In Vivo Imaging Reveals Existence of Crypt Fission and Fusion in Adult Mouse Intestine

Lotte Bruens, Saskia I J Ellenbroek, Jacco van Rheenen, Hugo J Snippert

Research output: Contribution to journal/periodicalArticleScientificpeer-review

46 Citations (Scopus)


The intestinal epithelium is a repetitive sheet of crypt and villus units with stem cells at the bottom of the crypts. During postnatal development, crypts multiply via fission, generating 2 daughter crypts from 1 parental crypt. In the adult intestine, crypt fission is observed at a low frequency. Using intravital microscopy in Lgr5EGFP-Ires-CreERT2 mice, we monitored individual crypt dynamics over multiple days with single-cell resolution. We discovered the existence of crypt fusion, an almost exact reverse phenomenon of crypt fission, in which 2 crypts fuse into 1 daughter crypt. Examining 819 crypts in 4 mice, we found that 3.5% ± 0.6% of all crypts were in the process of fission, whereas 4.1 ± 0.9% of all crypts were undergoing crypt fusion. As counteracting processes, crypt fission and fusion could regulate crypt numbers during the lifetime of a mouse. Identifying the mechanisms that regulate rates of crypt fission and fusion could provide insights into intestinal adaptation to altered environmental conditions and disease pathogenesis.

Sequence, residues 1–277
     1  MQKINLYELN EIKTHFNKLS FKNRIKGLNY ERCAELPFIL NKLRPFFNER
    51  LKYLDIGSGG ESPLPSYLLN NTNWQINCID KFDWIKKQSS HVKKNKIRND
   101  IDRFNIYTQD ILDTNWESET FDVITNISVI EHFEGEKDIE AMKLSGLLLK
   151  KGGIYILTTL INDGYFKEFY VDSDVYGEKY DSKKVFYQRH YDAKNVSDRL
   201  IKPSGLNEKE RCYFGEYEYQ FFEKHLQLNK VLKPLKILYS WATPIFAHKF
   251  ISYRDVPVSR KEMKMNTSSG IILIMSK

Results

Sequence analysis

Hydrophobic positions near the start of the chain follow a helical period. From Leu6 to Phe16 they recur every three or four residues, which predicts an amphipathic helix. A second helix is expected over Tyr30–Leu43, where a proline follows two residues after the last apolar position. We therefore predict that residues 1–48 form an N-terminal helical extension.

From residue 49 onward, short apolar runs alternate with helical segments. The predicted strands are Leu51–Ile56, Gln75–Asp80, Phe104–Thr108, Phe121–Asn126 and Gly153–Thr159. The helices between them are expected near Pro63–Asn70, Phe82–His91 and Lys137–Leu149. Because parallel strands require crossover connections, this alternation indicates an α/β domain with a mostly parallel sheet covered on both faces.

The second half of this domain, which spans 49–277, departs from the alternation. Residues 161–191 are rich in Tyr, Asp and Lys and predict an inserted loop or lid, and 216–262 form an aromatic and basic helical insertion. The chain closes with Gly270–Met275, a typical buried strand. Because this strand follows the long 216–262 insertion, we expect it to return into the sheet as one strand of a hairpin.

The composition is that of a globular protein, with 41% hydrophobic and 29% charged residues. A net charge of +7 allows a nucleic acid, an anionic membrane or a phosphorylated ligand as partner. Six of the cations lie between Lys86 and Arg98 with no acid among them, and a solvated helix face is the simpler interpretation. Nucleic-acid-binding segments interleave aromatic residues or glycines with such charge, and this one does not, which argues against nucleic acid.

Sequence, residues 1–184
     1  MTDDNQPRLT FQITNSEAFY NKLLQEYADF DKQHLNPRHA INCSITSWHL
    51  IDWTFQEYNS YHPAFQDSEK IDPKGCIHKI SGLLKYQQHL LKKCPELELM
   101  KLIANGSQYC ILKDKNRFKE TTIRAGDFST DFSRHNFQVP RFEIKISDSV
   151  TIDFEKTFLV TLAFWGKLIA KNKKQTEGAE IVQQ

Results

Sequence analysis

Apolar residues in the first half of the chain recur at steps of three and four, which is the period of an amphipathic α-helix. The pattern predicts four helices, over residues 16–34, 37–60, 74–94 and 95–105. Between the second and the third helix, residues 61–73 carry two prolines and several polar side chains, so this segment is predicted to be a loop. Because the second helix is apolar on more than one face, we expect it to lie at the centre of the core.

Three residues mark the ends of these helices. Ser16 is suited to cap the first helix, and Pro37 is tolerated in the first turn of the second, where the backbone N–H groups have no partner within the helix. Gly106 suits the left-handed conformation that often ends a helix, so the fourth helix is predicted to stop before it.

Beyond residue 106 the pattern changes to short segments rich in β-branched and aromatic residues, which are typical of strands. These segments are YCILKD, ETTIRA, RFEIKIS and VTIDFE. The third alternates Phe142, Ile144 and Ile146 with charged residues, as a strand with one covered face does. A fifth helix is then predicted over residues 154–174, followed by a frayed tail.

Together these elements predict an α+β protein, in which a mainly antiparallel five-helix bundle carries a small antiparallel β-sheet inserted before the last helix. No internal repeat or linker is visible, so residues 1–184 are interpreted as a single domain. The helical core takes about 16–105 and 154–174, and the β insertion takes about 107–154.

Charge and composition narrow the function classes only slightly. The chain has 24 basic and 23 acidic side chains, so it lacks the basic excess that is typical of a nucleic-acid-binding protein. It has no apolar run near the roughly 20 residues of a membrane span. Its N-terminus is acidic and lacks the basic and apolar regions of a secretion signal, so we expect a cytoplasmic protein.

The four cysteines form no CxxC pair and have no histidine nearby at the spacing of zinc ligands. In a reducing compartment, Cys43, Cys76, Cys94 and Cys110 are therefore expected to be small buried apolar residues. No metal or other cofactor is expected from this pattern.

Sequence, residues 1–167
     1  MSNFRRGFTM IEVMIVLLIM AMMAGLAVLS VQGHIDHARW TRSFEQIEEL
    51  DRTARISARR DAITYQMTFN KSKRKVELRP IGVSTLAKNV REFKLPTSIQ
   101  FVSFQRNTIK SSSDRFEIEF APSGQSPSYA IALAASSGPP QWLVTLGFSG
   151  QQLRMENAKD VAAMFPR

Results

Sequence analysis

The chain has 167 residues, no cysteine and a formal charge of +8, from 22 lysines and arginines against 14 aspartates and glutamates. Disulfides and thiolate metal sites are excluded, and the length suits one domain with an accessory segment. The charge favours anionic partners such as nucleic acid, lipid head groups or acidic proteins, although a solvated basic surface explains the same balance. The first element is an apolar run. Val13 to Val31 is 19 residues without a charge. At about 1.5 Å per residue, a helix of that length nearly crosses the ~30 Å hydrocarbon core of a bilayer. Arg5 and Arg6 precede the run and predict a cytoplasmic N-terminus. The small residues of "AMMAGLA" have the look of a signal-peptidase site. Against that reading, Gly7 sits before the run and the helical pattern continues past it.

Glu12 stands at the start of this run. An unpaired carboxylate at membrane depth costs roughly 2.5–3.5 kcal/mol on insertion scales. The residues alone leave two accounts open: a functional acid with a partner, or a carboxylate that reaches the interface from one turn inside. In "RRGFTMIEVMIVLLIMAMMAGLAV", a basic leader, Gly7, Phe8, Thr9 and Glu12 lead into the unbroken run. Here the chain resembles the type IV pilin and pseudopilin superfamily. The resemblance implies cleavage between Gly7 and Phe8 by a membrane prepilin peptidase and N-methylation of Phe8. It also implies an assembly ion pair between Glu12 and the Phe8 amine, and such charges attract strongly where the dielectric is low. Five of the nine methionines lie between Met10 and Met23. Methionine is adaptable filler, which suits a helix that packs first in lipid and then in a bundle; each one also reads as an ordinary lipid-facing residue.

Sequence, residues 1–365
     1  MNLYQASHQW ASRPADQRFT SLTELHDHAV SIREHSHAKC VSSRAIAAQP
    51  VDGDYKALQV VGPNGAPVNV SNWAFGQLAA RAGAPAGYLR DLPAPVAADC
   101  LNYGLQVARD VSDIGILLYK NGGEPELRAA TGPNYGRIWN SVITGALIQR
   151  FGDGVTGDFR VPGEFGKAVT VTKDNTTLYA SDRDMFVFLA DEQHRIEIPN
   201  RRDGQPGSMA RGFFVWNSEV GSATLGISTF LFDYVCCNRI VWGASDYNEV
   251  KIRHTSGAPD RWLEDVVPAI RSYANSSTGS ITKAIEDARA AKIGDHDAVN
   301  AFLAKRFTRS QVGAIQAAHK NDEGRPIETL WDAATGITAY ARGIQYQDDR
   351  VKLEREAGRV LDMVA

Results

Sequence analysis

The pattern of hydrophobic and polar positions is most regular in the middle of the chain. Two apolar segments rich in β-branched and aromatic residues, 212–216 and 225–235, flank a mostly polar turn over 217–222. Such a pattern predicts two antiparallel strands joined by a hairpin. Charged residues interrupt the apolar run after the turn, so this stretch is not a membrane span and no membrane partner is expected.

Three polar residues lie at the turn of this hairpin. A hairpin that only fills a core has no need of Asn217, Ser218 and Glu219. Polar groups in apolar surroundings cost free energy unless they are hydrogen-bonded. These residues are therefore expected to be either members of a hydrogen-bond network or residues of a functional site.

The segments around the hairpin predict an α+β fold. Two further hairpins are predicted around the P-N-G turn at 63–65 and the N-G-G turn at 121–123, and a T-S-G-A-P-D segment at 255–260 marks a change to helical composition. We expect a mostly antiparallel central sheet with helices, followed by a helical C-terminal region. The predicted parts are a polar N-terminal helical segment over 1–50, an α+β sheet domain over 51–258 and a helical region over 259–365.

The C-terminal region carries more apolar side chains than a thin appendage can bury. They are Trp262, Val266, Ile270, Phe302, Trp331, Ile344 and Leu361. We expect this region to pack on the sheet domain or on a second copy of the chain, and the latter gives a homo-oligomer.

Original languageEnglish
Pages (from-to)674-677.e3
Issue number3
Publication statusPublished - Sept 2017


  • Animals
  • Cell Fusion
  • Female
  • Homeostasis
  • Intestinal Mucosa
  • Intravital Microscopy
  • Male
  • Mice
  • Stem Cells
  • Journal Article


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